PHOENIX — The Cartwright School District in Phoenix will keep students in distance learning for the remainder of the 2020-2021 school year. A decision the governing board approved unanimously Thursday, "based on the fact that vaccines are not readily available to our community and that returning for in-person instruction would be too risky for families."
Members had been considering a return to in-person in April.
The district has been virtual since schools closed in March of 2020, increasing its IT Help Desk's call volume exponentially. Usually, the department would be troubleshooting for the district's 2,000 or so employees. This year, they've also been working to help the district's 15,000 students and their families.
"The call volume has definitely gone up," said Stephanie Castro, who runs the district's IT Help Desk. "In the beginning, it was so high that it was almost hard to handle. There's a learning curve for everybody, the teachers and myself."
Armed with the same iPad and Chromebook Cartwright students have at home, Castro is ready to field whatever questions may come her way. Most are dealing with distance learning and issues accessing Zoom or Google Meets.
"My very first part of troubleshooting is I'm just going to get in there and see if I can replicate the issue and figure out where that's coming from and resolve it right there," said Castro.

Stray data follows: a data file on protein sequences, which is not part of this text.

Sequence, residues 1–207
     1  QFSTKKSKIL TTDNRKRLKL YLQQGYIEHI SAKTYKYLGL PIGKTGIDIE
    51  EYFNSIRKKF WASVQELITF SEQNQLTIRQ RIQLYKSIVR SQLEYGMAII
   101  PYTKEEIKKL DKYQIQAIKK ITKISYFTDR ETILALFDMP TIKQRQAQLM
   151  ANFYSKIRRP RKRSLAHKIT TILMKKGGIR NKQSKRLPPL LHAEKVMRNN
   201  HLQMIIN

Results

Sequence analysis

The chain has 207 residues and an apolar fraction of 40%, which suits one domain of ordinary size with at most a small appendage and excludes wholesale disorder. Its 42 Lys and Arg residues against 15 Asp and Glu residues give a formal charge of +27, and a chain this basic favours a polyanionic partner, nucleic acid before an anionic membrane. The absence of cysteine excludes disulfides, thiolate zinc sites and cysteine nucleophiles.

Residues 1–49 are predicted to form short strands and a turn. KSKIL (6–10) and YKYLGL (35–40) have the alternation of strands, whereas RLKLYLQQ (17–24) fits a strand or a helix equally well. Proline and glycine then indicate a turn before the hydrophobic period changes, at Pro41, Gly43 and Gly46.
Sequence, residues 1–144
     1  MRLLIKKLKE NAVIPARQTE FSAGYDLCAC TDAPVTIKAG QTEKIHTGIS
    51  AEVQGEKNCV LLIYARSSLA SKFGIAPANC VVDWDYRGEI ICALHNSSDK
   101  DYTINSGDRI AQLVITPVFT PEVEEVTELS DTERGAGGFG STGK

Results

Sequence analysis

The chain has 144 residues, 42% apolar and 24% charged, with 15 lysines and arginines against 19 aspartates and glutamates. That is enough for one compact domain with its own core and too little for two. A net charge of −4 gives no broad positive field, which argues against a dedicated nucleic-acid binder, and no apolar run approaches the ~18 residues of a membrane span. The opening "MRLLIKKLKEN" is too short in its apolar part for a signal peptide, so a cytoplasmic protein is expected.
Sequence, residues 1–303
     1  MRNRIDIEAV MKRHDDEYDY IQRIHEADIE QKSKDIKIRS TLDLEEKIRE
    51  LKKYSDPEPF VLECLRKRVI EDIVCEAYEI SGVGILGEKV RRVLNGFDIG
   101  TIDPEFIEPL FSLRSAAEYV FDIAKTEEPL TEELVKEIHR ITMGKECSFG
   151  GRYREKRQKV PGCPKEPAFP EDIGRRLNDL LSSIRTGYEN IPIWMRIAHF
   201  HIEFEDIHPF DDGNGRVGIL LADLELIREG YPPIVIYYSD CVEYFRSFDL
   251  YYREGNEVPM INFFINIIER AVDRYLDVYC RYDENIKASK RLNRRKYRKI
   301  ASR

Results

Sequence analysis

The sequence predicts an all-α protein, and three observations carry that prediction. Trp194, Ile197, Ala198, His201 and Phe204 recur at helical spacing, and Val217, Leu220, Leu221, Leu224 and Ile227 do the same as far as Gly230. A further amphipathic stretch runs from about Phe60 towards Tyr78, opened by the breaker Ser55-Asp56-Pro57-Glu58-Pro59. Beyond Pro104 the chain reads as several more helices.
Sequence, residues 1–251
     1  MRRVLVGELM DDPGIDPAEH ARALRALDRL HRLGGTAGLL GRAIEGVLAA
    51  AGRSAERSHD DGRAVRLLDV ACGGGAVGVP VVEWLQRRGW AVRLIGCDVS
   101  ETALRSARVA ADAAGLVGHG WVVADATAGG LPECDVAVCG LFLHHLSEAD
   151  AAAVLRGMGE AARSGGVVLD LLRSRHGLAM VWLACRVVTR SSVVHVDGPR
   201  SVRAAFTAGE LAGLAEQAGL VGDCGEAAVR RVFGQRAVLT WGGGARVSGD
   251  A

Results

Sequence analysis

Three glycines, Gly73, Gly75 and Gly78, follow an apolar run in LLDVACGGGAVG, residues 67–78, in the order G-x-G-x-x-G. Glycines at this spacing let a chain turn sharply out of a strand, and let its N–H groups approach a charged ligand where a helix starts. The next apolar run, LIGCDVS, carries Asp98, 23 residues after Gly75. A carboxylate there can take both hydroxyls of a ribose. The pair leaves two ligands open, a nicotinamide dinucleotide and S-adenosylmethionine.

Castro feels like part fixer, part teacher, educating users while she works to avoid similar issues down the road. The need has eased a bit since the district first went remote last spring.
"We get maybe 20 to 40, maybe 50 calls a day," she said.
That is thanks in part to each of the district's 21 schools finding ways to tackle smaller issues themselves.
"We started to train individuals here on our campus, who are bilingual, and support our parents," said Theresa Trujillo, Principal of Raul H. Castro Middle School Academy of Fine Arts. "We kind of created our own little help desk here on campus."
Trujillo says this school year everyone on her team has played an even bigger role in helping students learn.
"If a parent needs something, I will drop what I'm doing, throw a hot spot in my car and drive it to the home," she said. "We are worried about them and we really want them back, but we're just doing the best we can."
From dropping hot spots to preparing or swapping out devices, it has been nearly a year of on-the-job learning. However, as a third-generation district employee, Castro says she is up to the task.
"A common phrase in IT that comes up is 'I've never seen that before,'" said Castro. "This year, my goal is to give each student the opportunity and accessibility to continue distance learning, as well as they can, with our circumstances that we are currently in."